• HDMI: is the most used connection technology, available on almost all the screens present in circulation. Through HDMI it is possible to transmit and receive contents up to a resolution of 7680 x 4320 pixels (8K), with a refresh rate of 60 Hz (and management of audio streams); For content with resolution of 4K or higher, HDMI cables of type 1.4 or higher must be used. On some Windows notebooks, instead of the standard HDMI port, the micro HDMI port is available, which can be exploited thanks to a special adapter (micro HDMI male to HDMI female), or a cable with both connectors; modern MacBooks, on the other hand, do not have HDMI outputs, so you have to fall back on transmission via USB Type-C. To find out more, read mine buying guide for HDMI cables.


  • DisplayPort, Mini DisplayPort and Thunderbolt: On monitors, it is not uncommon to come across the DisplayPort input, the output of which can be available on notebooks in regular (DisplayPort), reduced (Mini DisplayPort) or Thunderbolt (present on older generation MacBooks and identical) format to Mini DisplayPort). This communication standard, valid in all three cases, allows you to transmit/receive content at a theoretical maximum resolution of 8K at 85 Hz, with audio transmission. Using an appropriate cable or adapter, you can also turn your notebook’s DisplayPort / Mini DisplayPort output into an HDMI input for use on your external display.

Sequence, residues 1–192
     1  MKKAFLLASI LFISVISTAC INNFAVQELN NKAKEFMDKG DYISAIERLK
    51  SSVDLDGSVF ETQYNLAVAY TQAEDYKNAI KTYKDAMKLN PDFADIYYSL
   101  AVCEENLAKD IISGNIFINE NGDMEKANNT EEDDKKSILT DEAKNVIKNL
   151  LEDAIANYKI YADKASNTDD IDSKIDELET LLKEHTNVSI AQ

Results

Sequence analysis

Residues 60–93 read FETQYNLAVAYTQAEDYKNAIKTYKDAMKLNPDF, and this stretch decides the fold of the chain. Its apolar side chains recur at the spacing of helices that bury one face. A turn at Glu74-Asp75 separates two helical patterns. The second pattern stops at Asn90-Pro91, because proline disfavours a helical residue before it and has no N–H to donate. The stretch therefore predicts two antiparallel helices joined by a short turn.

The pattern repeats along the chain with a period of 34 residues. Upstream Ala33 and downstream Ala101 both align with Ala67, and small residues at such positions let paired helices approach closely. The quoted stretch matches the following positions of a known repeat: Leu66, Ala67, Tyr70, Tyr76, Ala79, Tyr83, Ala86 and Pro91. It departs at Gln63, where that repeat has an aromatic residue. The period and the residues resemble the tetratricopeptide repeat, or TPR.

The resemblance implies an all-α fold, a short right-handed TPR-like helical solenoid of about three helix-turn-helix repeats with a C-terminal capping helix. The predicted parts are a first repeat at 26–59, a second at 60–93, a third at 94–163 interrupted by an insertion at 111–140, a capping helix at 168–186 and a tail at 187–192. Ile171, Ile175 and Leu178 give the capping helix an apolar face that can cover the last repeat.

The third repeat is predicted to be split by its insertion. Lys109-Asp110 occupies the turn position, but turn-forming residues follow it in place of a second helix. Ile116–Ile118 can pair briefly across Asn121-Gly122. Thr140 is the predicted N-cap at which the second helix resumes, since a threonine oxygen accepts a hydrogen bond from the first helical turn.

• USB Type-C: This port is found on many high-end notebooks and convertibles, as well as on all modern MacBooks, and allows you to connect to a monitor using various standards. In this case, in fact, a port of the same format (USB Type-C, in fact) can “hide” support for different technologies, such as HDMI, DisplayPort or Thunderbolt. You must inform yourself by carefully consulting the technical data sheet of the laptop in your possession and, therefore, use a compatible monitor and/or adapter. The connection via USB Type-C, depending on the standard supported, can allow you to transmit/receive content up to a resolution of 8K with a refresh rate of 60 Hz (and provides for the management of audio streams).